Oxford, GB: Oxford University Press (2012)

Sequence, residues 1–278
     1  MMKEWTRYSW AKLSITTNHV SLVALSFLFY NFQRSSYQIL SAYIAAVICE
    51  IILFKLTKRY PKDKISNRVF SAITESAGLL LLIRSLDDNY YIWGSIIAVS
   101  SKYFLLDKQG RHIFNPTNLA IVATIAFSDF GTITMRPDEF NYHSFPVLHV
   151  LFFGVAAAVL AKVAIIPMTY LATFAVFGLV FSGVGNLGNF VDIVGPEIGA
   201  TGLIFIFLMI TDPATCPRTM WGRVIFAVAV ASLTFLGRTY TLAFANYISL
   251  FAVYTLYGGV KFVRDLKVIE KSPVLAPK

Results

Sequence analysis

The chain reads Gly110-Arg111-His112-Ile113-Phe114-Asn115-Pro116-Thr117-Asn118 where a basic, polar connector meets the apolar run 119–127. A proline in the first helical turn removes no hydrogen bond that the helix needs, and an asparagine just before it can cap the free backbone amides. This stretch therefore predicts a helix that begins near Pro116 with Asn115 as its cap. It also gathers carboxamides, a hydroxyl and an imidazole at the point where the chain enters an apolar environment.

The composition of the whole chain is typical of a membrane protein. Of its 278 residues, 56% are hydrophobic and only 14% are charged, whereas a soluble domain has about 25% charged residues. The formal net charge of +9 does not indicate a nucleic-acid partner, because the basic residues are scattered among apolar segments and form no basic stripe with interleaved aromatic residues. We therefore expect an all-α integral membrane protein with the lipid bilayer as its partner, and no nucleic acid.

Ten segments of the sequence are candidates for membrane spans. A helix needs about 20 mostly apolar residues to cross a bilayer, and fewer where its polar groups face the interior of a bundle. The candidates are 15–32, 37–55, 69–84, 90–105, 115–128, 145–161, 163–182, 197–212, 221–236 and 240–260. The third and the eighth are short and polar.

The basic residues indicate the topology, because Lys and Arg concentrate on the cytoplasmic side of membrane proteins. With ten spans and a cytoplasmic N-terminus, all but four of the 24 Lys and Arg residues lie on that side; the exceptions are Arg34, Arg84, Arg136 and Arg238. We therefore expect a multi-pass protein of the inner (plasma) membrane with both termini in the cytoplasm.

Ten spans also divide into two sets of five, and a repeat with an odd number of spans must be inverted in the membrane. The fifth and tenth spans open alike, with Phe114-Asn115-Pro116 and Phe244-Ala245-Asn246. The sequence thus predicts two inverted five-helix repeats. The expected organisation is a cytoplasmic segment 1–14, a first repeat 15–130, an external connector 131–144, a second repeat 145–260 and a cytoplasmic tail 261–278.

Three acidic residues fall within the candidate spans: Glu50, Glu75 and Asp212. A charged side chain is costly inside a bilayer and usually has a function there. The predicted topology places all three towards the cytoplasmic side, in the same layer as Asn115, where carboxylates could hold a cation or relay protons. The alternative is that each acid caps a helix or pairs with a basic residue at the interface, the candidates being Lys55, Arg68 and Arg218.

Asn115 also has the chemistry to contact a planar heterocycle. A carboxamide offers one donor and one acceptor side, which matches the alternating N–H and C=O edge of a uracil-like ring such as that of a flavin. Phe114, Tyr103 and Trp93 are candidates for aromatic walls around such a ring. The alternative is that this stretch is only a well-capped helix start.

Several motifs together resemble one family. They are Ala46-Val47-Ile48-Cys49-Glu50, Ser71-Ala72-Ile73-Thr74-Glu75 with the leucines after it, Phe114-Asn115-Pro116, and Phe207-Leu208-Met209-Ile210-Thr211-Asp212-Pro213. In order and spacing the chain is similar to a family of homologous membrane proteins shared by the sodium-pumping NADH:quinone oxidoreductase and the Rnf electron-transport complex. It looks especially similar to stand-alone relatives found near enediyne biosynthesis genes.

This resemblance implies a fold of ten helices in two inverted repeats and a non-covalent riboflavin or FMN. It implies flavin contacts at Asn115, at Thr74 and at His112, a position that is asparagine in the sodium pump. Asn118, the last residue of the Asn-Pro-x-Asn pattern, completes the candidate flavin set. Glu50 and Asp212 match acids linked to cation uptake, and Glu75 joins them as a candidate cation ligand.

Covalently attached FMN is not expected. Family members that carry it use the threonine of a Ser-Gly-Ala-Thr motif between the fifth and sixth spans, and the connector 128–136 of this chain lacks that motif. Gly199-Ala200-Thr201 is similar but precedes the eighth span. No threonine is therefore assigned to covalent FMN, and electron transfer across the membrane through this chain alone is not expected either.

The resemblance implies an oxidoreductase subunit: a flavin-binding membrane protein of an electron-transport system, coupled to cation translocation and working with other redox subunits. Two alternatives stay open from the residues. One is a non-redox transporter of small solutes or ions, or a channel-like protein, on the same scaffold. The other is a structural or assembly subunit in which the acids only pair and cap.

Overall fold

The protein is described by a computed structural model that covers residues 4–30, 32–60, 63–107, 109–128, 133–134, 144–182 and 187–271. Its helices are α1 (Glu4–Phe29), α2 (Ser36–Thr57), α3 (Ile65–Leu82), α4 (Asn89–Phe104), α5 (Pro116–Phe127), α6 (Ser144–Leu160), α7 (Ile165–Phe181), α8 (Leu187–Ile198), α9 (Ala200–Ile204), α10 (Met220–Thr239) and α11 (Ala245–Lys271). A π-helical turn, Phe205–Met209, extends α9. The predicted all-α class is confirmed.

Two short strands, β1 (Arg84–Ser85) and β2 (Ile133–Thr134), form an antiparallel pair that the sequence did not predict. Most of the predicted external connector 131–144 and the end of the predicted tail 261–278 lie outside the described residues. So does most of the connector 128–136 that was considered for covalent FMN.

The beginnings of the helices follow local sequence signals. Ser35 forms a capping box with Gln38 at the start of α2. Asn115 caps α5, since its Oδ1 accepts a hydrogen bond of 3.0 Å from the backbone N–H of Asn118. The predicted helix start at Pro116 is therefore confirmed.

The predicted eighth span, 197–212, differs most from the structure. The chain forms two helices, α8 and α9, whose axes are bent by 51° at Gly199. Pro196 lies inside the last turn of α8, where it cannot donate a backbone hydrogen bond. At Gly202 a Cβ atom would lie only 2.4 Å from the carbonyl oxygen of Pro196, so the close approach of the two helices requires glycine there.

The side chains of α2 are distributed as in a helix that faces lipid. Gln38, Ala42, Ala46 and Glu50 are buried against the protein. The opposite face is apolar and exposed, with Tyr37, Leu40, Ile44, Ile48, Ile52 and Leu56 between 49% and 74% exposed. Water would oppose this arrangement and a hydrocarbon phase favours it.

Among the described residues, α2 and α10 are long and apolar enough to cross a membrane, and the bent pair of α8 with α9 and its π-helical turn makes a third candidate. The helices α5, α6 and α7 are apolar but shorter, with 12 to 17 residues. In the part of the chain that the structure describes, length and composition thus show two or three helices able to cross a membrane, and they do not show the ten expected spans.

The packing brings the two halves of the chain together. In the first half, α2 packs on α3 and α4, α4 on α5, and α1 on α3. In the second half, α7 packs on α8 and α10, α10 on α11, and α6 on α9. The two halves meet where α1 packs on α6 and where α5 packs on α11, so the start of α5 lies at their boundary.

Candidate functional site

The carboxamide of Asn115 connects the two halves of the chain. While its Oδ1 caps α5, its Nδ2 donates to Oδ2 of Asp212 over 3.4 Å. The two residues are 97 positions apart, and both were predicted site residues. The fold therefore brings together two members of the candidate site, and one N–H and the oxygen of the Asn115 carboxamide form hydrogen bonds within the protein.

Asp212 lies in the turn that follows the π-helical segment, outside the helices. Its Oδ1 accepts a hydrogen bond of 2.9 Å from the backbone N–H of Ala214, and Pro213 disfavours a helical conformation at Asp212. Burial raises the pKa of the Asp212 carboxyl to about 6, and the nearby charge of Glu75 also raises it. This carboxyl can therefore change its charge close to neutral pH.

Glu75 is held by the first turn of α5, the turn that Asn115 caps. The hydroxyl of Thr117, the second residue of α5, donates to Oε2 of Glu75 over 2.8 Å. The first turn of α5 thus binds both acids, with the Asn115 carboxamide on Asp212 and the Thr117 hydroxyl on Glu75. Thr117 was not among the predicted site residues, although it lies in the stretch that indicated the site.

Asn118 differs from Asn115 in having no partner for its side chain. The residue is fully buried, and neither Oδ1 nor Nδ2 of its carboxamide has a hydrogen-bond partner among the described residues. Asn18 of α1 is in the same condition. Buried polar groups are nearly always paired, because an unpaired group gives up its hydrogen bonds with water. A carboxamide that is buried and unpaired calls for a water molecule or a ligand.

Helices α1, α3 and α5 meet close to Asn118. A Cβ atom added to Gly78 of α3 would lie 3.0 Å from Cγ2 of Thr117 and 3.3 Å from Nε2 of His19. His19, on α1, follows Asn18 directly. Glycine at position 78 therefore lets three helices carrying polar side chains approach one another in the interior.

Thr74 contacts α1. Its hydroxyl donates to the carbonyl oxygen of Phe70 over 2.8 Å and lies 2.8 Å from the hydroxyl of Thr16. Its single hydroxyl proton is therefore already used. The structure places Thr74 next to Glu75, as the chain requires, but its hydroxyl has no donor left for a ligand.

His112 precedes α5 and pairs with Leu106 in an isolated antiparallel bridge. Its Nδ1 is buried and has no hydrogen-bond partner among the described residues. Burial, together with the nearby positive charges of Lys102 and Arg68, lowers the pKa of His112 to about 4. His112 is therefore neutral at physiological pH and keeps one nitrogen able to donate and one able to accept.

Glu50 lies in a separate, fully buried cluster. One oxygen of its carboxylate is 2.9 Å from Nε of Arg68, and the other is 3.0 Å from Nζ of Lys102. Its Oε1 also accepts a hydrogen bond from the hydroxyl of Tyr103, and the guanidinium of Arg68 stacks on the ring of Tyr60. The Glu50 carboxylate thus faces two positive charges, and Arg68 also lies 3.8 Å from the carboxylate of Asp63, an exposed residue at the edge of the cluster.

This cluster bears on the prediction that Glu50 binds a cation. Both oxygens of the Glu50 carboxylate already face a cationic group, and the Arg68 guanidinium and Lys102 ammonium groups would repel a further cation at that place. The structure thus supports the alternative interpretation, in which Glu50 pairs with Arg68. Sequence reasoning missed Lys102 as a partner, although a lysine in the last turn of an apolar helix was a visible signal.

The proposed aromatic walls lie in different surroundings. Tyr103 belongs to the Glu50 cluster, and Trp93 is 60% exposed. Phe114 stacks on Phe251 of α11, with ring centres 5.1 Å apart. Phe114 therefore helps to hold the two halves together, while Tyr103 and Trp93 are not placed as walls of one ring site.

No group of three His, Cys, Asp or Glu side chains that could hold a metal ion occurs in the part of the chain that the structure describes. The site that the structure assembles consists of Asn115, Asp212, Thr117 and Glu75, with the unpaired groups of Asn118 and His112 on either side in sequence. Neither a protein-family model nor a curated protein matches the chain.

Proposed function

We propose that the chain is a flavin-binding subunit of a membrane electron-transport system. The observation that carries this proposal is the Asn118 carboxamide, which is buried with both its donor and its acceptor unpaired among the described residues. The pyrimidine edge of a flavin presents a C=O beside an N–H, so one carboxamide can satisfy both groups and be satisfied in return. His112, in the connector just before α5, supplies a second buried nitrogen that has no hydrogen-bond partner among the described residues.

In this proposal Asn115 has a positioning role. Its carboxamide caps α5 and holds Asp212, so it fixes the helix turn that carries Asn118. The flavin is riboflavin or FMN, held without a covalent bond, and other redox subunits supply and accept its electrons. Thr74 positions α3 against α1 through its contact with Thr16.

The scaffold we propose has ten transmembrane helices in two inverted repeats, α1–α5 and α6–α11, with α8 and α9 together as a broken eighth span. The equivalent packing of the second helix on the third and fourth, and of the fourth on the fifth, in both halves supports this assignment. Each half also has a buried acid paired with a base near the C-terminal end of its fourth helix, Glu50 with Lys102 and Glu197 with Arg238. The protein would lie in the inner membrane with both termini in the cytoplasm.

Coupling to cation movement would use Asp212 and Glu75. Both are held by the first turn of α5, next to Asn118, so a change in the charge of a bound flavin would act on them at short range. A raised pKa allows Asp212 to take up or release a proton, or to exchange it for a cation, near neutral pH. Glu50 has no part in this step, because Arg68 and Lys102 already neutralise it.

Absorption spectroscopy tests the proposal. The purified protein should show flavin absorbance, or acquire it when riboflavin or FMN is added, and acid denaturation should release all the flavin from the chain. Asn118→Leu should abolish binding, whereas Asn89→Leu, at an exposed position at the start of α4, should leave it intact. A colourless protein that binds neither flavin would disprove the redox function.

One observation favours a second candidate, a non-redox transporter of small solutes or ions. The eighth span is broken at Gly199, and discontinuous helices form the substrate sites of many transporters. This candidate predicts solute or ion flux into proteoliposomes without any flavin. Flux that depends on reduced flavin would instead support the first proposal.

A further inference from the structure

Over the past fifty years the philosophy of language and mind has been dominated by a nondescriptivist approach to content and reference. This book attempts to recast and systematize that approach by offering an indexical model in terms of mental files. According to Recanati, we refer through mental files, the function of which is to store information derived through certain types of contextual relation the subject bears to objects in his or her environment. The reference of a file is determined relationally, not satisfactionally, so a file is not to be equated to the body of (mis-)information it contains. Mental files are the mental equivalent of singular terms, and the reference of linguistic expressions is inherited from that of the files we associate with them. On this approach, mental files, the vehicles of singular thought, do all the work of so-called 'modes of presentation' in Fregean and neo-Russellian theories.